I remember seeing Nelson Mandela make his first public appearance after his release from Robben Island Prison. I remember watching clips of his meetings with President F. W. DeKlerk. I remember watching him become the President of South Africa. Those are some amazing memories that you don't get to have many times in one lifetime.
Younger generations are growing up with the view of South Africa of a beautiful place with exotic wild animals that you can see on safari, gorgeous coastlines, towering mountains, Tabletop Mountain, Johannesburg, and so many other attractions. That's the way it should be. I'm glad that South Africa has left behind it's violent and racist past to become a premier destination for the exotic traveler. Sometimes I'm very glad to see the world change.
There are so many things to see in South Africa. The idea that the place was tainted with the legalized racism that was Apartheid seems all but nonsense in this day and age. With the passing of Nelson Mandela, I hope that there will be enough talk about all of the pain, suffering and sacrifice that made the place what it is today.
I will take some time now, and use this blog for what it was designed, and talk about some things that you should see if you go to South Africa. The first place that comes to mind is Robben Island. This island that lies with a view of Tabletop Mountain right off the coast has been many things over the years. It's been a hospital for people suffering from things that the masses didn't want to spread. It was used as a training defense station in World War II. Once the National Party created Apartheid, which legalized what was already going on in the country, it became a prison, and several oppositionists were housed there for a very long time. We all know that Nelson Mandela was housed there for 27 years.
Today Robben Island is open to the public. Never forget. That's the motto of this place, and well it should be. Nelson Mandela changed the world by staying there. He won. His protests worked. How many single men can we remember who changed the world without violence? I think we can all count that number on one hand. There are many things to see at Robben Island, and you will have the chance to talk to former inmates about their time in the prison, because they are the tour guides. It's a unique experience where you really learn something.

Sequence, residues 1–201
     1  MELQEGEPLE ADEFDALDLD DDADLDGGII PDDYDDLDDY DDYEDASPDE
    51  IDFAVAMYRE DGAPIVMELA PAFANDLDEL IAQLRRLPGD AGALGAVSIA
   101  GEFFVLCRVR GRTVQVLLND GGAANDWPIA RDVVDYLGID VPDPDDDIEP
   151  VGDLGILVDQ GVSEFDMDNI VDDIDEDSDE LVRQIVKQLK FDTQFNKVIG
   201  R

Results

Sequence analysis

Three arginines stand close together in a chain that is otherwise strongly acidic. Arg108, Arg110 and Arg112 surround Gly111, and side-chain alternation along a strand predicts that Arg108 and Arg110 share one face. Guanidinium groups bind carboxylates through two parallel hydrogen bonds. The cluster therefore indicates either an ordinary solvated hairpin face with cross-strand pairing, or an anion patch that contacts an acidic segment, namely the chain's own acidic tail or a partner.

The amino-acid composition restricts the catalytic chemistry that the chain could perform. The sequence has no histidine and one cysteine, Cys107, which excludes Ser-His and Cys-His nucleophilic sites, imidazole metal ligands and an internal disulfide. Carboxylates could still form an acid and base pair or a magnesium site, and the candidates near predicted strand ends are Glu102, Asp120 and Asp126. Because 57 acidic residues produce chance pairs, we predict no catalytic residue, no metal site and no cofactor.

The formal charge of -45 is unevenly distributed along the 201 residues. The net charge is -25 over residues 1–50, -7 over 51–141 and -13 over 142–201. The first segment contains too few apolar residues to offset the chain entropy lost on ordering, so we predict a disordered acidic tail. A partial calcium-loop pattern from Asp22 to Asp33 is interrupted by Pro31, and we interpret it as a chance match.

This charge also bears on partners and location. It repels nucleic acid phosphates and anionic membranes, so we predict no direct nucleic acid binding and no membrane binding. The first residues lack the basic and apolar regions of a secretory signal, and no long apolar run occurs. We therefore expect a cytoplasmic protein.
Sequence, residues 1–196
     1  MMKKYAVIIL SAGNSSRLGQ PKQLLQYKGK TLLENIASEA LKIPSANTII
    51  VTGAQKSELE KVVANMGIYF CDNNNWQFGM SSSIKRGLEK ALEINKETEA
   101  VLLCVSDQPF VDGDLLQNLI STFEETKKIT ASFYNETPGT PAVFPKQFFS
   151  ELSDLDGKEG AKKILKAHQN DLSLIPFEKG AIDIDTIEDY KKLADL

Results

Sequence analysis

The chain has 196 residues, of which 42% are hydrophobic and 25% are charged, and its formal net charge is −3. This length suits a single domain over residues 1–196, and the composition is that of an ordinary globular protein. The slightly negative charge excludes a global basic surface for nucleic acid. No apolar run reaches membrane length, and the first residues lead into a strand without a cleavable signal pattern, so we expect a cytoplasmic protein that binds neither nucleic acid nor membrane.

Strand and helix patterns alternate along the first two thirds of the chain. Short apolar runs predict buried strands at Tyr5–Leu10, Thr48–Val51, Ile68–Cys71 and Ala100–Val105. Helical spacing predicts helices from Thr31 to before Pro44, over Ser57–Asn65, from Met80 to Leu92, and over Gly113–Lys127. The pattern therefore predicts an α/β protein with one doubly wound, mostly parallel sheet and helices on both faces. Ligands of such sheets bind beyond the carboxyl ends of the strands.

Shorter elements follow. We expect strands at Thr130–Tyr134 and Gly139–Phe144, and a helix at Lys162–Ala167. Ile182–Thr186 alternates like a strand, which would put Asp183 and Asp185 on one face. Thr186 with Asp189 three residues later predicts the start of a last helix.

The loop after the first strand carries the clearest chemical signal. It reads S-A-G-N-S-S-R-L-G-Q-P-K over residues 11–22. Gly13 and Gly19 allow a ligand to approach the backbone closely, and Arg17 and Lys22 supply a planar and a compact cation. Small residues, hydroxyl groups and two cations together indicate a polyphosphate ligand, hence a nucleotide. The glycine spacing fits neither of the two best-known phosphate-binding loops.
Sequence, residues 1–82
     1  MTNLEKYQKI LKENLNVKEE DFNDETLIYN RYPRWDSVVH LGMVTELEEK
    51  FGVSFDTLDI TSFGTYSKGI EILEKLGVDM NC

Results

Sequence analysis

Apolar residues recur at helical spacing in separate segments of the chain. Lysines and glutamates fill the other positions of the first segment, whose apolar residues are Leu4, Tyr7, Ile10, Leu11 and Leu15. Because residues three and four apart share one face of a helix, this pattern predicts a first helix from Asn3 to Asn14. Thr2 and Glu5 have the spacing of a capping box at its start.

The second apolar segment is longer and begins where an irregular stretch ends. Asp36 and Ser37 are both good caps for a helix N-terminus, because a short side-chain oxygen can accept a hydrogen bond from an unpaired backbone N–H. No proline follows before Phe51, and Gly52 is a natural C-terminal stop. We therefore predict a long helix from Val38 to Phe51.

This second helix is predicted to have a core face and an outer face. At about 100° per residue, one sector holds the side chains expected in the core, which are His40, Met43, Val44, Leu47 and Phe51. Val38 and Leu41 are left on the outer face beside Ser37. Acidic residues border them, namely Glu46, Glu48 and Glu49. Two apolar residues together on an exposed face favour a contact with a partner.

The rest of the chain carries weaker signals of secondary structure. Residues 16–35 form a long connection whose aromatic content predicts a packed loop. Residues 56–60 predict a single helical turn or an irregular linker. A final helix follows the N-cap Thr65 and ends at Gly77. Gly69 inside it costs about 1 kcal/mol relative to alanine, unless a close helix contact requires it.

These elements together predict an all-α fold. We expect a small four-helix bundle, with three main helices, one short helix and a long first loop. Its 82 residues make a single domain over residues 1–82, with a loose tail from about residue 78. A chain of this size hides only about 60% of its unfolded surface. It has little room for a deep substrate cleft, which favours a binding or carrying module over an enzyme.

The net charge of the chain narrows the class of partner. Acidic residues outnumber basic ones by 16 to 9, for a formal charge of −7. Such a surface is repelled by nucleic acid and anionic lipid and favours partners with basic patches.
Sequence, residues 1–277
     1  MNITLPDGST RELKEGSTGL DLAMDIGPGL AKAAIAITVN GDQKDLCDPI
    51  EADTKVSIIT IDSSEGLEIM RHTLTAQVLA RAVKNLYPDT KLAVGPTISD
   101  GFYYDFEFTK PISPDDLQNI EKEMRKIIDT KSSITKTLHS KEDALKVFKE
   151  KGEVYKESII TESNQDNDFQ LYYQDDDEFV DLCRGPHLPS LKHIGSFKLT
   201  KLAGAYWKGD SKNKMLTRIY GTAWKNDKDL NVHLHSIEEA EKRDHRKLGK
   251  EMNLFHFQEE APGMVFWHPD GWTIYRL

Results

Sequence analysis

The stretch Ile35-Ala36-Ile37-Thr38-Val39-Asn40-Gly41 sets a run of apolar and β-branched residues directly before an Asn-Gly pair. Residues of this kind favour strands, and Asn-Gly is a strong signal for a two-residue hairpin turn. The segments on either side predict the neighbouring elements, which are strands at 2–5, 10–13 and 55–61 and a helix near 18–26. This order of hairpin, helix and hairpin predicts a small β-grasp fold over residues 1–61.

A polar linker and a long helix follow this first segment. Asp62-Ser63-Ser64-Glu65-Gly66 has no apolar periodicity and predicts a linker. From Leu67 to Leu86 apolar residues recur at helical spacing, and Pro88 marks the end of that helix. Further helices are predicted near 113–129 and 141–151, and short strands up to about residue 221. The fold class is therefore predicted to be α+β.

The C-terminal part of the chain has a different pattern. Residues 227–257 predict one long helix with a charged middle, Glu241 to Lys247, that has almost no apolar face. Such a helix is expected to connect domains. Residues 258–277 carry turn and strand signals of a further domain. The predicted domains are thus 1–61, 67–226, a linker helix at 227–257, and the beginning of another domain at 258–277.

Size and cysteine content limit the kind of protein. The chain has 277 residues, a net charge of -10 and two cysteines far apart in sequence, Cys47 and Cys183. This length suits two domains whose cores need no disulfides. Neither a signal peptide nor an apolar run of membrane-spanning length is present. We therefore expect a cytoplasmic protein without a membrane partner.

Robben Island is a half hour ferry ride from the cape. That gives it an Alcatraz effect. You can sit in the cell that Nelson Mandela lived in. You can feel the history of a divided nation coursing through your soul. I believe that we should all try and understand someone so dedicated. The resolve of Nelson Mandela is something that I can't fathom.
The Apartheid system was regarded as hostile and unjust by everyone the world over. I remember watching "The American President" with Michael Douglas as the President. I remember a line that he said in this post Apartheid movie. He said, "A system of government that so many people were against that it doesn't exist anymore." It said it all. "Sun City" was the song that brought the true sense of the conflict to the young people in America. It made many kids check into the whole thing and find out what was really going on. I didn't fully understand the scope of Apartheid until I read "Kaffir Boy", by Mark Mathabane.
Sun City was created as a luxury resort where white South Africans and others could go and bask in their own glory. There was gambling and strip clubs which were illegal in the rest of the country. The South Africans called the area Boputhuswana. It was cited by others around the world as a place where the South Africans could practice illegal activities without penalty. It was the Las Vegas of South Africa. Today the stigma has lifted and Sun City is one of the premier resorts for people from all over the world. It has massive hotels, great golf courses, Vegas style casinos, and of course the Sun City Superbowl which has headline entertainment.
The world has changed and South Africa has changed immensely. I did want to mention these two spots for your travel bucket list, because they were so tied to the fight that the world had with the white South Africans and Apartheid. With the victory of Nelson Mandela came a whole new country. In one lifetime, most of us don't get to see something like that happen. Thank you Nelson Mandela for making the amazingly beautiful country of South Africa more beautiful and far more accessible. Thank you for making us all believe that change is possible. Thank you for never giving up on your dream.
Come to Sun City, Robben Island, and the rest of this amazing country from Johannesburg, to the Drakensburg Mountains, to Tabletop Mountain, to Kruger National Park, to the Cape of Good Hope itself and see what makes this country worth fighting against the machine to protect.